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Anyone who has studied the ancient world in an English-speaking classroom will be familiar with the style adopted by historians like Herodotus and their modern translators, with its slightly formal word choices, its long sentences, and its frequent parenthetical digressions. That style forms the jumping off point for "The Life of Polycrates," the title novella of Brendan Connell's new collection. That title itself has a footnote, which leads the reader down to a dramatis personae with descriptions like "his Brother, a Luxuriant" and "a Flatterer," and sprinkled throughout you'll find lacunae and scriptural references. But that's only the beginning of the quirkiness on display in this ambitious novella, which supplements traditional history and anthropology with such delightful asides as a letter from a prospective court jester, a list of the contents of a dressing case, and "conjectural conceptions" that reveal the hidden thoughts behind these epic Greek lives. The prose is never drily historical, and often finds a pleasing poetry of simple images:
"On leisure days he would sit in his garden, under the shade of the amamaxudes, or else wander along the paths, sniff at the flowers and sample prime pieces of fruit from his orchard. There were roses that were half white and half red and vines which carried both white and black grapes together, grapes that were not fit for wine, but for eating were deliciously sweet. He had a mulberry tree which was grafted to a chestnut tree, a chestnut tree grafted to a hazelnut tree, and a pomegranate grafted to an oak. He grew cadmium-yellow lemons which smelled of cinnamon, melons odiferous as peach blossoms, and artichokes which breathed the aroma of hyacinth, were without sharp prickles and tasted not unlike sweet plums."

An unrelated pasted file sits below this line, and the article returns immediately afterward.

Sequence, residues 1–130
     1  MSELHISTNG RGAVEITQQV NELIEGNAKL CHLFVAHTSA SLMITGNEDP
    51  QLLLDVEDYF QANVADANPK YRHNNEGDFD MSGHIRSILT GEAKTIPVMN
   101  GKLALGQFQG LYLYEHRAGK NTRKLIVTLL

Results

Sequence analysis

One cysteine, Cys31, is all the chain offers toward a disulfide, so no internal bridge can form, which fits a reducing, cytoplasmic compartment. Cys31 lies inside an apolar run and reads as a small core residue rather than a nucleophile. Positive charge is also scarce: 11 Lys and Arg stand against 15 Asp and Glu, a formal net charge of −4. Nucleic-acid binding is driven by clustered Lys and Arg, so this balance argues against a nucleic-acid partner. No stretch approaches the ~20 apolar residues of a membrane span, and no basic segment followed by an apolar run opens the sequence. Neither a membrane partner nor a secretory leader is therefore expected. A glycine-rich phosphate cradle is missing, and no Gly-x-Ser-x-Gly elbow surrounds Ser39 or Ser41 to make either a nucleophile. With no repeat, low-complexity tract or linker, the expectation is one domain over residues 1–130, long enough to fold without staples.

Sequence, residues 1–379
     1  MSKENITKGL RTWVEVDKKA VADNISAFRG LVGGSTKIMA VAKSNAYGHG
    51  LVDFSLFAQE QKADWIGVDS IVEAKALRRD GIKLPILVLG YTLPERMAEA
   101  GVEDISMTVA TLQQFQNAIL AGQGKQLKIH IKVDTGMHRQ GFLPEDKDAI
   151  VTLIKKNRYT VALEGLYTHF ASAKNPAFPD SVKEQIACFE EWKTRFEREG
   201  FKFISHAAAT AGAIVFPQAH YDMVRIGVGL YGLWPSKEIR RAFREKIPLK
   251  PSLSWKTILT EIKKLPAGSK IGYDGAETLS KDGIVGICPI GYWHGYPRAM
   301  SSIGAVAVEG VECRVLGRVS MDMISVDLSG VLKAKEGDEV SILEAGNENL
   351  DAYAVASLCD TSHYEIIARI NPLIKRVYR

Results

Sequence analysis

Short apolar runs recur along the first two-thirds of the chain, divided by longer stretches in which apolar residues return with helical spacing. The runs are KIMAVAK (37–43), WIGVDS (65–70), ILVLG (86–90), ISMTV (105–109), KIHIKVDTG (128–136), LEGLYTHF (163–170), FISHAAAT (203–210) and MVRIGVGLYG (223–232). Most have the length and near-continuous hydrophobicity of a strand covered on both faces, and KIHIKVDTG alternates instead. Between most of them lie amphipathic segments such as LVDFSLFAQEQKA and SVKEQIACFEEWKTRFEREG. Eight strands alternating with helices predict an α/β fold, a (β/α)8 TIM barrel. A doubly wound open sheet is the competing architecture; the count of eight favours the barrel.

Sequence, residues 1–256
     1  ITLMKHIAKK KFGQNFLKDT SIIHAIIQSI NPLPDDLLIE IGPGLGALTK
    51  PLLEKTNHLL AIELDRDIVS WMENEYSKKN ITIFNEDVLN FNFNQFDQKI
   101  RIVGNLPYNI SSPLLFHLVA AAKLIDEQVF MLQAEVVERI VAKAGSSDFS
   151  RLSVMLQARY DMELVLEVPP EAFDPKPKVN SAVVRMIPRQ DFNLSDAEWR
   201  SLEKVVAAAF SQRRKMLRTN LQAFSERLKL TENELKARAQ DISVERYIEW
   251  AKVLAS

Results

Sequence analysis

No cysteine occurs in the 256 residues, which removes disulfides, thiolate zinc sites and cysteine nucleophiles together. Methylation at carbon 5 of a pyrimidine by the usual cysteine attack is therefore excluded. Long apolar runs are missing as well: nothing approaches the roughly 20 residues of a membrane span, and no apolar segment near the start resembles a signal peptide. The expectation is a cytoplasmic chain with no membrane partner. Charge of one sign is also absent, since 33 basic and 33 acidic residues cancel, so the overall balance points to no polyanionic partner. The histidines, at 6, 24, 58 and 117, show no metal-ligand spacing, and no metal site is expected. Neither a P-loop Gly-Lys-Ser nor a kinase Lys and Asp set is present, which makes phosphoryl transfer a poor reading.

While I had fun reading "The Life of Polycrates," I didn't know what the point of it was (beyond, of course, the hope that people would have fun reading it). I'm still not exactly sure, but having read the rest of the stories in the collection, I could probably hazard a guess. If this collection is anything to go by, Connell's fiction deals with eccentric passion in all its forms. Whether the protagonist is an ancient Greek tyrant, a medieval pope, or an ordinary contemporary man, he or she is sure to manifest some bizarre behavior in aid of an equally bizarre desire. The language of the other stories is more modern and experimental than that of "The Life of Polycrates," but the unique vision of the world remains the same.
Perhaps my favorite of these shorter works is "The Dancing Billionaire," which contrasts the search for purpose of a child of wealth with his aunt's unexpressed, disturbingly ambiguous devotion to him. As in all his stories, Connell's voice varies to fit the needs of the moment, but this passage will do as well as any to demonstrate what he's capable of.
The curtains glide open.
He appears, cane in hand, in black coat and tails, bow tie, top hat, tipped negligently to one side, and spats.
The orchestra bursts forth, coolly, his mouth drops open, utters words of song, strangely pathetic, ridiculously melancholy.
that embarrassed sweat
glistening brows of red madness
Stepping out with my baby...
The cane toyed with, an extension of the procreative
waves of colorful insects.
smooth sailing 'cause I'm trimming my sails..."
I generally prefer a more direct, undramatic style, but Connell generally handles this well enough that I have no complaints. From time to time there's an abstract sentence that doesn't flow right, feels too much like an unconnected block of nouns and adjectives, but that's rare enough to be written off as an occupational hazard. And I'd say that the disturbed yet all-too-human personalities of Connell's stories-- cross-dressing big game hunter, motorcycle daredevil with a gambling-addicted wife-- demand such an approach. In fact, one of the stories I didn't think quite worked, "The Chymical Wedding of Des Esseintes," is a perfectly adequate piece of suggestive fantasy, but pale and underdeveloped compared to the rest of the book. To resemble human beings rather than ironic caricatures, Connell's characters also need a degree of human specificity, and again, most of the stories provide that, generating sympathy as well as shock. A couple, though, most particularly "The Slug," lack that level of detail, and as a consequence read more like exercises in describing degradation than like full-fledged stories. Even these lesser works, though, offer a distinctive voice whose equal you're unlikely to find in contemporary fiction. The Life of Polycrates, like other Chomu Press books, is most certainly not for everyone, but if you enjoy weird and experimental literature, you'll very likely find it worth your time.